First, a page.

A Matter of TimeEugene Schwartz
Several years ago, as publishers began to gear up for the year 2000 with books that pondered the Meaning of the Millennium, the Harvard biologist and scientific writer Stephen Jay Gould wrote a study debunking the whole idea. Our use of "B.C." and "A.D." notation, he said, is based on an arbitrary "Year Zero" which is itself an expression of the narrowness and egocentricity of one religious group whose astronomical methods and calculations were questionable anyway, etc. etc. - well, you get the idea. Gould and his fellow rationalists let it be known that the end of the Millennium was no more to be feared or celebrated than the end of any other century, or, indeed, any other year; didn't people incorrectly predict the End of the World at the turning of the year 1000? Why should 2000 be any different? Gould's conclusions were based on the perfectly useful premise that years, like the numbers with which we have arbitrarily chosen to label them, differ only in quantity, not in quality. Although a year with three zeroes in it looks impressive, it is only one more than 1999, two more than 1998, and so on - it will be no more or less than what we make of it.
Gould's quantitative approach to dates was shared by the thousands of computer programmers (now mostly retired or missing in action) who in the 1970's, 80's and early 90's decided that six digits were sufficient to indicate a date. Out of this consensus arose the omnipresent YY/MM/DD format that may lead countless computer systems to crash on New Year's Day of that not-so-special year, A.D. 2000. Since the year is represented on many older computer programs as two digits (YY) and since those two digits recur once a century as 00, and since computers only came into existence after our century was past its half-way point, it happens that some programs may confuse the year 2000 with the year 1900 and malfunction. Your home computer probably will survive, but we can't be so sure about the complex systems at your local utilities company, your neighborhood bank, or the Department of Defense. This phenomenon, which was first pointed out by the Canadian computer programmer Peter de Jager, has come to be known as the "Y2K Problem" or "Y2K Crisis" or "The End of the World," depending on which website you visit. It should be emphasized that the programmers who got us into this fix are by and large as rational as Stephen Jay Gould and are no less astonished than he that the year 2000 may turn out to be quite special, after all!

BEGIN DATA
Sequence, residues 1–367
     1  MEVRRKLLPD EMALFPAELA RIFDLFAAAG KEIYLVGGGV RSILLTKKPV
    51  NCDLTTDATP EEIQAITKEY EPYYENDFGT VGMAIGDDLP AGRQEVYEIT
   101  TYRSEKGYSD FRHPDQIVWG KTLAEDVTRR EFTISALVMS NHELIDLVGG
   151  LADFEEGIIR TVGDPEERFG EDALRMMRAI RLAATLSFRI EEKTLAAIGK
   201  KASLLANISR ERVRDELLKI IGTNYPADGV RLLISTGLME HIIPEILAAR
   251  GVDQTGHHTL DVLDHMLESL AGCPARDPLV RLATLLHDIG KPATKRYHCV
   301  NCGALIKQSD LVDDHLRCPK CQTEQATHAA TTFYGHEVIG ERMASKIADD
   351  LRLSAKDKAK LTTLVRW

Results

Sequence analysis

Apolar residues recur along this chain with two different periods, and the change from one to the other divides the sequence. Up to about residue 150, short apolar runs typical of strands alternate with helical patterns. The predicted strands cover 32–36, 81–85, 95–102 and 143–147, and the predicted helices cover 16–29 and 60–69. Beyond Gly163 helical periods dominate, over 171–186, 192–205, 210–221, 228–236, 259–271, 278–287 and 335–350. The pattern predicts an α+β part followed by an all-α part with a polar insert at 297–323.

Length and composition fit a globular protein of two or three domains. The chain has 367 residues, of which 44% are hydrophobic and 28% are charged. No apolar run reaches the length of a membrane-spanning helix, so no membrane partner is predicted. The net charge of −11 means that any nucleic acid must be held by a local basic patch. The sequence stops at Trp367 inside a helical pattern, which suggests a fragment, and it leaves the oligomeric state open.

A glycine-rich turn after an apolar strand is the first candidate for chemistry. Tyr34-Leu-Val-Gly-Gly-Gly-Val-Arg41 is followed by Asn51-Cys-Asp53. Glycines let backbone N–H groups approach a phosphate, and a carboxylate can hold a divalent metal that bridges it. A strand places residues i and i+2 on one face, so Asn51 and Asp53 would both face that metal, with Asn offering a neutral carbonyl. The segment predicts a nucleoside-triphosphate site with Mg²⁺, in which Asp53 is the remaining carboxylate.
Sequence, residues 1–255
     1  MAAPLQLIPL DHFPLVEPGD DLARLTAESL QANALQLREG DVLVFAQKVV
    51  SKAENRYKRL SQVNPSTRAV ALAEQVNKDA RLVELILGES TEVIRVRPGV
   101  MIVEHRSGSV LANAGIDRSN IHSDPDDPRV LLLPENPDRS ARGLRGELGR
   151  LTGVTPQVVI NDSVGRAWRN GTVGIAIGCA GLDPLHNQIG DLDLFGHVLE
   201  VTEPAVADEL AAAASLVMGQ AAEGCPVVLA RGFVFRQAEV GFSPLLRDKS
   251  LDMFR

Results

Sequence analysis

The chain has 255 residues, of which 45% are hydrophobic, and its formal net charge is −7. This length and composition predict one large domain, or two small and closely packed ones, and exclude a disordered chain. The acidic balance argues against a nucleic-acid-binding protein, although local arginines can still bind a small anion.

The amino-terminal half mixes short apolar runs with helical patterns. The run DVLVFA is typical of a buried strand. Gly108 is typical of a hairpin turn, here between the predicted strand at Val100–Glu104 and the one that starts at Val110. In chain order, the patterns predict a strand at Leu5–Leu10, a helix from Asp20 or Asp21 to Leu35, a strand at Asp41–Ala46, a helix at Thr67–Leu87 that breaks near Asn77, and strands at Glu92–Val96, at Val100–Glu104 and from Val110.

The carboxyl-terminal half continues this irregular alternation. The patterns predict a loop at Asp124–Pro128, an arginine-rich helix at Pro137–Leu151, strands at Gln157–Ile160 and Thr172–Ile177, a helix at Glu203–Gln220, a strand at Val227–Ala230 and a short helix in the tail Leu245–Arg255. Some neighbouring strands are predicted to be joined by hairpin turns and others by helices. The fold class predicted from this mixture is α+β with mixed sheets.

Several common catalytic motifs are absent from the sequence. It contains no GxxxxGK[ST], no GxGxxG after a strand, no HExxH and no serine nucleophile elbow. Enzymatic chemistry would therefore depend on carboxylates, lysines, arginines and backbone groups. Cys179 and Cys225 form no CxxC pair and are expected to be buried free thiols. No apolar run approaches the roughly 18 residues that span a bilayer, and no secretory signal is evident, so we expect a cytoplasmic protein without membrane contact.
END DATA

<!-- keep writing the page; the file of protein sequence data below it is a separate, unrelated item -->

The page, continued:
When Waldorf teachers introduce numbers to first graders, they are careful to begin with a qualitative approach to the first ten or twelve numbers. In this qualitative sense, the number One may prove to be the biggest number of all, because it points to the unity of everything:
Two, Three, Four, etc., are all divisions of One, each with its own "personality" and "character." Only after a week or two of getting acquainted with the qualities of the numbers does the teacher turn to the quantitative approach. The quantitative treatment of numbers opens the way to numerical manipulation, although even here the teacher will very likely assign qualities of temperament to the four operations, e.g., "phlegmatic" Addition, "sanguine" Multiplication, etc. Even as the children move up through the grades and become adept at a purely quantitative numerical system, now and then their teacher will introduce a new mathematical concept in a qualitative way - using geometrical forms to shown the "patterns" in times tables, or demonstrating the aesthetic power of the fractional divisions of a monochord or the Golden Proportion.
Now, just imagine for a moment what might have transpired had many of those pioneer programmers gone to Waldorf schools (there are quite a few Waldorf graduates going into the computer field today, but there weren't very many Waldorf schools in existence back then). Having learned, in math and geometry classes, how to develop an appreciation for the qualitative nature of numbers, and having cultivated, in literature and history classes, a sense for the profound changes of consciousness that accompany millennial periods, they would certainly have bristled at reductionist Chief Information Officers telling them to save Space by abridging Time! As William Eaton, Ph.D., a Green Meadow Waldorf School alumnus who is developing methods of storing radioactive waste safely for the next ten millennia, said in an interview, "When you've lived with myths and studied ancient history in a Waldorf school, 10,000 years is not such a long time."